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DSO Reflects on Covid-Impacted Year, Anti-Racism Goals

Dean of Students Katherine G. O'Dair spoke positively about students' adaption to online learning and on-campus residential restrictions in an interview with The Crimson Tuesday.
Dean of Students Katherine G. O'Dair spoke positively about students' adaption to online learning and on-campus residential restrictions in an interview with The Crimson Tuesday. By Delano R. Franklin
By Hannah J. Martinez and Sixiao Yu, Crimson Staff Writers

As the school year nears a close, administrators in the Dean of Students Office reflected on students' experiences during the past academic year amid the coronavirus pandemic in an interview with The Crimson on Tuesday.

Harvard held courses online during the 2020-2021 academic year due to the public health crisis. For the fall semester, the College only invited freshmen and a select group of upperclassmen to live in residence, while juniors, seniors, and a cohort of petitioning students were invited to campus in the spring.

Students living in residence had to comply with a spate of residential guidelines, including social distancing guidelines and Covid-19 testing three times per week.

Dean of Students Katherine G. O’Dair said she was “grateful” for on-campus students’ adherence to residential guidelines and commended their adaptation to online learning.

“What we learned was how remarkably adaptable students were to these changes,” O’Dair said. “We are just incredibly grateful for all their commitments to abide by the rules.”

“I think students also adapted to the online learning environment, and in some ways, though, that online learning environment was better for some students,” O’Dair added.

Assistant Dean of Student Engagement and Leadership Kate T. Colleran said that she appreciated students’ flexibility.

“We’ve been watching the student orgs process through the whole cycle of the year and really feeling the loss of their in-person events but then coming back strong in the spring with virtual Eleganza and Ghungroo and participation in Virtual Visitas,” Colleran said. “It was so great to see them come back with those traditional events this spring, even though they had to look different.”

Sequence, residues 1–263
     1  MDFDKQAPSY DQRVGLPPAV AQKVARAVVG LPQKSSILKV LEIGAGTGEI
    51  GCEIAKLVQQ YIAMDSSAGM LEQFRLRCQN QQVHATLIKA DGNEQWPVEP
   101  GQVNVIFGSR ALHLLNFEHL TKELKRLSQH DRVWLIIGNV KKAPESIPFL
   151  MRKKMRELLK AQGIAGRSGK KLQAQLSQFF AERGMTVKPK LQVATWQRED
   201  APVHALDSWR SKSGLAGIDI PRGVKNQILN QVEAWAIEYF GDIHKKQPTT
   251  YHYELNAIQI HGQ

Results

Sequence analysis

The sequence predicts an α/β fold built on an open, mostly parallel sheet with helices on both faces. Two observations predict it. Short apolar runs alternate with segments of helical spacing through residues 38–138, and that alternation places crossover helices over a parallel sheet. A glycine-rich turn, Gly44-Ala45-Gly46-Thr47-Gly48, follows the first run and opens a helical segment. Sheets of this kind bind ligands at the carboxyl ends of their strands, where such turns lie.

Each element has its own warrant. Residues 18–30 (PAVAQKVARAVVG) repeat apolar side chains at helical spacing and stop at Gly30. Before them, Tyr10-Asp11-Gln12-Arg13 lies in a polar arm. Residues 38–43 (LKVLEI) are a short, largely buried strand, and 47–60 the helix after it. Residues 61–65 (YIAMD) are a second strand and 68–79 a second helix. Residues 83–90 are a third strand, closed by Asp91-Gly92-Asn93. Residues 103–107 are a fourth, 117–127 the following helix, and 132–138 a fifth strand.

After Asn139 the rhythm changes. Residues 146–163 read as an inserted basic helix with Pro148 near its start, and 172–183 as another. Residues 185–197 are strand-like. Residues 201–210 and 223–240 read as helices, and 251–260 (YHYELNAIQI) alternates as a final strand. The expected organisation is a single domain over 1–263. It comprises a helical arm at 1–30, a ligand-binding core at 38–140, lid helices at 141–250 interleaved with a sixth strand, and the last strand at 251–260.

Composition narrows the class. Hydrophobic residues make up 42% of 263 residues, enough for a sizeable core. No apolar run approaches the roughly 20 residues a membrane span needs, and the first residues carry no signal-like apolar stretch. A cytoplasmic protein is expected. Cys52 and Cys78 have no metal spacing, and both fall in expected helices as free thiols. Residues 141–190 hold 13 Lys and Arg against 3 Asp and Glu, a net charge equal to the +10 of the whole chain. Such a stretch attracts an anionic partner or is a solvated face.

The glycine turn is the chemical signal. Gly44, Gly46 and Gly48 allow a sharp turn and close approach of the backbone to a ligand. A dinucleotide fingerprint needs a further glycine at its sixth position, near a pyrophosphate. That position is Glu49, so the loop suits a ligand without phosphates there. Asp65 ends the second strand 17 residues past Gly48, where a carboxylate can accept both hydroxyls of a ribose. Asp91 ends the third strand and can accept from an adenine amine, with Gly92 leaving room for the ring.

Colleran added that the College was able to host an in-person light show called Lucidity, which she said attracted more than 300 students over the course of three days.

“It was really nice to see students dropping by being like, ‘Oh my goodness, this is an event, this is in-person, I can come to this,” Colleran said.

Associate Dean of Students Lauren E. Brandt ’01 said that “collaboration and coordination” aided the DSO in its support of students and their experiences.

“This year has just illustrated the extent to which collaboration and coordination is really one of the strengths that we can bring,” Brandt said. “So many different stakeholders are involved in supporting all of the community and all of the student experience.”

“It’s just been inspiring to see everyone really trying to work together provide the best possible experience in a very difficult time,” she added.

The administrators also reflected on their progress over the past year in making the DSO an anti-racist organization.

Associate Dean of Students for Inclusion and Belonging Alta Mauro said she was “proud” of the work the DSO has done to achieve that goal.

“I feel really proud of the progress that we’ve made, and one of things I’m proudest about is that we don’t feel so proud that we think the work is over,” Mauro said. “We have a commitment to extending our work in this area.”

“I feel good about the actual things that are in place that will carry on into the fall. We'll also need to take a fresh look, right, and so we’ll need to say what have we learned about ourselves and about our organization, and then how do we calibrate and move forward,” Mauro added.

—Staff writer Hannah J. Martinez can be reached at hannah.martinez@thecrimson.com. Follow her on Twitter @martinezhannahj.

—Staff writer Sixiao Yu can be reached at sixiao.yu@thecrimson.com.

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Student LifeCollege LifeCoronavirus